I think the obvious solution (and one I have seen at several events) would be if the female concerned is happy to compete in a group with guys who are happy to go against her, what is the problem? If the ladies continue to turn up to compete and are turned away as the only one in their categories, they will stop entering comps. If they are alwasy guaranteed a round even against the lads then more will be motivated to turn up and the sport will develop to allow for female only categories.
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  7. #27

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    I'm not a fan of mixed sex brackets, it's a shame there aren't enough women entering competitions, it's hardly the UMA's fault this has happened.

    As for mixed sex brackets I don't think they do them in Judo or Freestyle wrestling (If I am wrong apologies) but they have them in tennis but that's a different matter!

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  8. #28
    Rosi Sexton
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    *double post*
    Last edited by Rosi; 03-12-2009 at 06:26 PM.
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  9. #29
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    Quote Originally Posted by fishface View Post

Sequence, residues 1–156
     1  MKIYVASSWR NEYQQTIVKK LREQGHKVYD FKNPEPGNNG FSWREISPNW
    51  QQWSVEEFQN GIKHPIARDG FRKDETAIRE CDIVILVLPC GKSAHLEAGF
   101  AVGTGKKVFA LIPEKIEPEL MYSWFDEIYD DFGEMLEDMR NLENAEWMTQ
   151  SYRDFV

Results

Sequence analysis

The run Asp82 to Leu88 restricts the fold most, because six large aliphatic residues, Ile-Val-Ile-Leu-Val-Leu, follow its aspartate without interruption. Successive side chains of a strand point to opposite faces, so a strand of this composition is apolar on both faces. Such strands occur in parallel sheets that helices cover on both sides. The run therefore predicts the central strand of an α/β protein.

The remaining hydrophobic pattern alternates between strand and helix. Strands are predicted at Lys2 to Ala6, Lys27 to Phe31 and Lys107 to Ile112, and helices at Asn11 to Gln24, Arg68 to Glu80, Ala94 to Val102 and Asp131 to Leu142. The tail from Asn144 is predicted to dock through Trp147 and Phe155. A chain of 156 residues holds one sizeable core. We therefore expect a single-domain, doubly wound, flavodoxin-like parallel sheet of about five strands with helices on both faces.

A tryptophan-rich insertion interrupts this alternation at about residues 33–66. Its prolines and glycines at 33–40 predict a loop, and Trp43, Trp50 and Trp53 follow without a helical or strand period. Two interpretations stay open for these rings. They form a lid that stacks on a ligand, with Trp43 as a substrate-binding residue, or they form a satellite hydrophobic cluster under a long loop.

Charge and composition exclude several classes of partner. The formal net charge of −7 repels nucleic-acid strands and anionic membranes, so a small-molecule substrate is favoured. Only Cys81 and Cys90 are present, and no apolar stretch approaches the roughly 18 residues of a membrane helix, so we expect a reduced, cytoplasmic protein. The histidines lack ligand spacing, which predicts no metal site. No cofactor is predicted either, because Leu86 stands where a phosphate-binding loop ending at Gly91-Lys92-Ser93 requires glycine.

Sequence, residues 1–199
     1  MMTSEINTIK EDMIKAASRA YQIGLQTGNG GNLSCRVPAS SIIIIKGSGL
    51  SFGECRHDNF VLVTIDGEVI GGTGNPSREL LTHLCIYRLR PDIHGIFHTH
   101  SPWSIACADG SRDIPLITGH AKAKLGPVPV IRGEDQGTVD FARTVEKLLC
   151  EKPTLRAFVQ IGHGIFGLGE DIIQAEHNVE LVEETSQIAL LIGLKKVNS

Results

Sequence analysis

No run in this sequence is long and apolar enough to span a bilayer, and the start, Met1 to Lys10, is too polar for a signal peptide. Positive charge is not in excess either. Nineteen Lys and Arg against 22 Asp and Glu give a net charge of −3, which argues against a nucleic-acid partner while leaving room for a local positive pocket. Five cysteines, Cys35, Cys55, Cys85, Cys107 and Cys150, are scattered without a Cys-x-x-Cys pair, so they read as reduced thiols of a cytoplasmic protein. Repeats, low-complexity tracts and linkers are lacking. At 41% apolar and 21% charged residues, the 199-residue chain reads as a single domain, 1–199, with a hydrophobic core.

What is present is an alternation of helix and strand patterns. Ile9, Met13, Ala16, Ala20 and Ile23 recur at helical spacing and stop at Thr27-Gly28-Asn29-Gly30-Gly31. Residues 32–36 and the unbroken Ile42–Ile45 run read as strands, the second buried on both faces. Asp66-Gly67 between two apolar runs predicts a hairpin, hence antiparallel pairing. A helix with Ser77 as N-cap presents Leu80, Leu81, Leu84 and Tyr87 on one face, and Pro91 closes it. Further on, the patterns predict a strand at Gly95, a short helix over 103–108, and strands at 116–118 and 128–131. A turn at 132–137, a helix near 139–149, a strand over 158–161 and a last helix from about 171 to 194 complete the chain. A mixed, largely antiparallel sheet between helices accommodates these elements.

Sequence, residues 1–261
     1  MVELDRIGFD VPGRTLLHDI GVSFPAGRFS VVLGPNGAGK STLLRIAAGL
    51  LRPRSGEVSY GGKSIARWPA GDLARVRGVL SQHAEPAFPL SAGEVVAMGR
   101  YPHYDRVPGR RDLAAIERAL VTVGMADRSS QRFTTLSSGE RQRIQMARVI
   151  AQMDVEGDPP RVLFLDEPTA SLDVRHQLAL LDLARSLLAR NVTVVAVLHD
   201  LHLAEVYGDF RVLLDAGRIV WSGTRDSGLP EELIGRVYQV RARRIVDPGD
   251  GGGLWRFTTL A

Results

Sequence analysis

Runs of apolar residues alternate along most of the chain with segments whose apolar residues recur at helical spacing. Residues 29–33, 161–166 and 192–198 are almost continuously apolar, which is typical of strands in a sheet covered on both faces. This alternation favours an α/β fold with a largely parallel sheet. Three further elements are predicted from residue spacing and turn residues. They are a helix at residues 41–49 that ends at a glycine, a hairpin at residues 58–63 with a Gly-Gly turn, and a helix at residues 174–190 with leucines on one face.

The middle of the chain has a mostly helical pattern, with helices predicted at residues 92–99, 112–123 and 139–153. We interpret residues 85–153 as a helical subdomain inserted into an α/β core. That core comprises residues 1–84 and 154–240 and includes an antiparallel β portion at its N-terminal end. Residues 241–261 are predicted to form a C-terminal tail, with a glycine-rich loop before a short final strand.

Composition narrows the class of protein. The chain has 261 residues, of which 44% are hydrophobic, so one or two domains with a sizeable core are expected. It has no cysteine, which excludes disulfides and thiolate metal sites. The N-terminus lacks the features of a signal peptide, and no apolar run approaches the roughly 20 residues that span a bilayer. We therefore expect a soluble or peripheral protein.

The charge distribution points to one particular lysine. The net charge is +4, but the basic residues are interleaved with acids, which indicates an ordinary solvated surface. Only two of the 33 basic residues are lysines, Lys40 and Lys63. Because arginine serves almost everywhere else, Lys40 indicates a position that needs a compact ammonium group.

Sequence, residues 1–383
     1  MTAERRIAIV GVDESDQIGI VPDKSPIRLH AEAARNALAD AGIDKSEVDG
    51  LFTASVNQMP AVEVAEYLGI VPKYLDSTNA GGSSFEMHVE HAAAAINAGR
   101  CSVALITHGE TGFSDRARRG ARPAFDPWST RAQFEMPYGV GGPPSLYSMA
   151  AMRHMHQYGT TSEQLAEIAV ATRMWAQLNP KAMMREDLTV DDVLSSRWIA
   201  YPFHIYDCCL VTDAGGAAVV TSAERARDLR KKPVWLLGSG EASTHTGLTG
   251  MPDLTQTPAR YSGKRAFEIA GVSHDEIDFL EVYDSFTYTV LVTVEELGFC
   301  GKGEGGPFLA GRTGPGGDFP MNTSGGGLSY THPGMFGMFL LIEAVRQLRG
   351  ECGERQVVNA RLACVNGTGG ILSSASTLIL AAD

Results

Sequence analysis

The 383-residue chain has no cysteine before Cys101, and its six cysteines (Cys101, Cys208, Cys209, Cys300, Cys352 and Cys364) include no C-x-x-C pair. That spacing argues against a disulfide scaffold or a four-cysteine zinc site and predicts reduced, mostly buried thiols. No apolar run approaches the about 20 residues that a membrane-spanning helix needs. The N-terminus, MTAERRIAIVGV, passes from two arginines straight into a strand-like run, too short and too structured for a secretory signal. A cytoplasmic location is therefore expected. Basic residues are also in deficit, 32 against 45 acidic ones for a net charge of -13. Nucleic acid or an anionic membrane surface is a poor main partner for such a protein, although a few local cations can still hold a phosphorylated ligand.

I'm not a fan of mixed sex brackets, it's a shame there aren't enough women entering competitions, it's hardly the UMA's fault this has happened.
    Yes and no. I couldn't have made it this weekend anyway - but having heard how UMA has handled this situation, I don't expect i'll be entering myself or any female competitors in future events.

    Ground control, on the other hand, has a reputation for being much more accomodating when there are few female competitors by allowing them to enter the male divisions. This IMO shows a willingness to take the women seriously as athletes, and would make me much more inclined to participate or take other competitors. Other women I've spoken to feel similarly.

    The net result - I expect - is that events like ground control will evolve a good female division in it's own right, while UMA may continue to struggle.
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  10. #30
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    Quote Originally Posted by Rosi View Post
    Yes and no. I couldn't have made it this weekend anyway - but having heard how UMA has handled this situation, I don't expect i'll be entering myself or any female competitors in future events.

    Ground control, on the other hand, has a reputation for being much more accomodating when there are few female competitors by allowing them to enter the male divisions. This IMO shows a willingness to take the women seriously as athletes, and would make me much more inclined to participate or take other competitors. Other women I've spoken to feel similarly.

    The net result - I expect - is that events like ground control will evolve a good female division in it's own right, while UMA may continue to struggle.
    We're already getting a good turnout of female competitors to every event now and the standard is pretty amazing.